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A different path

CHESTERFIELD, Mo. — On the tail end of a recent morning hike at Faust Park in Chesterfield, second-grader Carter Beuc knelt on the ground and tried to lash a rock onto the end of a twig with a narrow vine. His buddy Gavin Rose knelt next to him.

Was it a tool? A weapon?

"He's making a golf club," Gavin reported.

While this seemed like a typical scout outing, these youngsters are a part of a growing group in the United States that's taking a different approach to scouting.

The children in this group, Otter and Timberwolf scouts, are members of the Baden-Powell Service Association, which has one foot in traditional scouting and another in more liberal ideals. It accepts members and leaders of both sexes, regardless of religious beliefs or sexual orientation.

There are 16 chartered groups nationwide with about 128 members.

If the name Baden-Powell sounds familiar, it's because Robert Baden-Powell is the founder of the scouting movement and what eventually became the Boy Scouts of America. But the Baden-Powell Service Association isn't affiliated with the Boy Scouts — it's a worldwide organization of its own that accepts members of all ages. It formed in the United Kingdom in 1970 after its members felt that Boy Scouts were abandoning the traditional, back-to-basics ideals Baden-Powell had established decades earlier. Its American branch is based in Washington, Mo., the home of software engineer David Atchley.

Atchley, 37, had been involved in Boy Scouts all his life. He earned his Eagle award and became a Cubmaster for his son's pack. But he was upset with the direction the Boy Scouts organization was taking. The Boy Scout promise includes a duty to God, though uniform emblems of many different religions are allowed, and the organization does not allow openly gay leaders, atheists or agnostics.

Atchley, who is an atheist, thought he could create an inclusion policy for his pack.

He decided to go to the local Boy Scout council to see what they thought. "I was basically told over the phone that if I put that policy in place, they would revoke our charter," he said.

Atchley later made the difficult decision to return his Eagle award.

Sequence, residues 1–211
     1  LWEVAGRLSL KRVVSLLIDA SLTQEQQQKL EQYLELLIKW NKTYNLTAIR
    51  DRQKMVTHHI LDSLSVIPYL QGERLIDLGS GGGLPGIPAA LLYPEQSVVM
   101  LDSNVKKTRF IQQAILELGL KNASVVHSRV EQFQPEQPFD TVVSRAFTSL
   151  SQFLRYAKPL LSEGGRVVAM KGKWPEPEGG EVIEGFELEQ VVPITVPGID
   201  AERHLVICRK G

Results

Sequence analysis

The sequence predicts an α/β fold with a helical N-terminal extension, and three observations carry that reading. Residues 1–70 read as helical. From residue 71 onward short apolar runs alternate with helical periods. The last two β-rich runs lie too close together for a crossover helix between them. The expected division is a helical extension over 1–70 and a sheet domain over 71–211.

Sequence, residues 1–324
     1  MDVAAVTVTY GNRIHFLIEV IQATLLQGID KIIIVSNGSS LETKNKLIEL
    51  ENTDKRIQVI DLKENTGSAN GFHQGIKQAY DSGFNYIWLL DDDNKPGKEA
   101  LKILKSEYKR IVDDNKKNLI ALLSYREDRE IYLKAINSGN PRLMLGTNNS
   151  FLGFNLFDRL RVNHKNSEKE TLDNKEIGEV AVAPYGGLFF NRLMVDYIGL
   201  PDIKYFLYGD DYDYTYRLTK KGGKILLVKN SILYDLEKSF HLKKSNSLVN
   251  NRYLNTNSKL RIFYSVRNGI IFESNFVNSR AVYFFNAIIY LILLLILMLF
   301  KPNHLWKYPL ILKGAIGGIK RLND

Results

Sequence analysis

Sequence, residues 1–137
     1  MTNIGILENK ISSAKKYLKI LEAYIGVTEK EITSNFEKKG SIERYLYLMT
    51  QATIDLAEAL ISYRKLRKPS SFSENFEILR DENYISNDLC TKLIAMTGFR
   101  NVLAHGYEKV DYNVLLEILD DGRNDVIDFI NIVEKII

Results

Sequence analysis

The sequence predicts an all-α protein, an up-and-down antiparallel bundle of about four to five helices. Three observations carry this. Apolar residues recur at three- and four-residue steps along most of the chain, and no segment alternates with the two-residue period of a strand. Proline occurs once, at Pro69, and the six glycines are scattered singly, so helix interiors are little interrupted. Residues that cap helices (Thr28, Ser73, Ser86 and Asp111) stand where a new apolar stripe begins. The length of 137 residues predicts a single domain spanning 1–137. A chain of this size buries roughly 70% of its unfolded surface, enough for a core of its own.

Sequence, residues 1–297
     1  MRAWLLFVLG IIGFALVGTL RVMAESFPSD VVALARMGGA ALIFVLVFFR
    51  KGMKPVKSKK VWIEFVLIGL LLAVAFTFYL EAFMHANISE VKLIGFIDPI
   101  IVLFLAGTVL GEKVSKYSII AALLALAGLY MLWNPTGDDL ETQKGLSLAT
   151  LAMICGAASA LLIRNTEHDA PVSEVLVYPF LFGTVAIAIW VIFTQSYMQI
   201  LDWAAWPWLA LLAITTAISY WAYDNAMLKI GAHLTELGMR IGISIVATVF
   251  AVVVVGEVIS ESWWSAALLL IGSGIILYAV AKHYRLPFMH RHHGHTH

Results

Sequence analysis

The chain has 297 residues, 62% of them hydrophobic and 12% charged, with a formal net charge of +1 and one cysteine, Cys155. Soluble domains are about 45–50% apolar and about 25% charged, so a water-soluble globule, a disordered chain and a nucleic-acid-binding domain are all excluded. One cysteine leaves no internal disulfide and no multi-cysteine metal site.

He eventually learned about the Baden-Powell Service Association, which formed in the United States in 2006 but had only an adult component. Atchley decided to create a youth branch, and became commissioner in 2009. He issued charters to several new groups within the past few months.

Some groups have formed in reaction to the Boy Scouts of America's announcement this summer that it had reaffirmed its ban on gays, after a two-year evaluation of the issue. Earlier this month, UPS announced it would no longer donate money to the organization because of the ban. Intel also announced it would halt corporate donations.

Baden-Powell is focused on traditional, back-to-basics scouting, such as orienteering, camping and hiking. It also stresses public service, which ranges from something as simple as picking up trash during a hike to organizing a fundraiser for a charity. The BPSA manuals are based on scouting manuals developed more than 100 years ago by Baden-Powell himself. The group has four sections for 5-year-olds through adults — Otters, Timberwolves, Pathfinders and the adult Rover program.

Members are allowed to substitute other words for "God" in the motto. The program is run by volunteers and is focused on keeping costs low: Handbooks are available for free online, and basic uniform shirts can be found at discount stores.

Bridgett Wissinger, one of the organizers of the City Garden group, said she loved the back-to-basics approach of the Baden-Powell Service Association. She is getting involved so her son Leo, 3, has a group to join when he's older.

"It's definitely the inclusion policy, instead of an exclusion policy," she said. "Why would I want to say, 'We like you as long as you're straight?' Why would I hurt somebody who is just trying to figure that out?"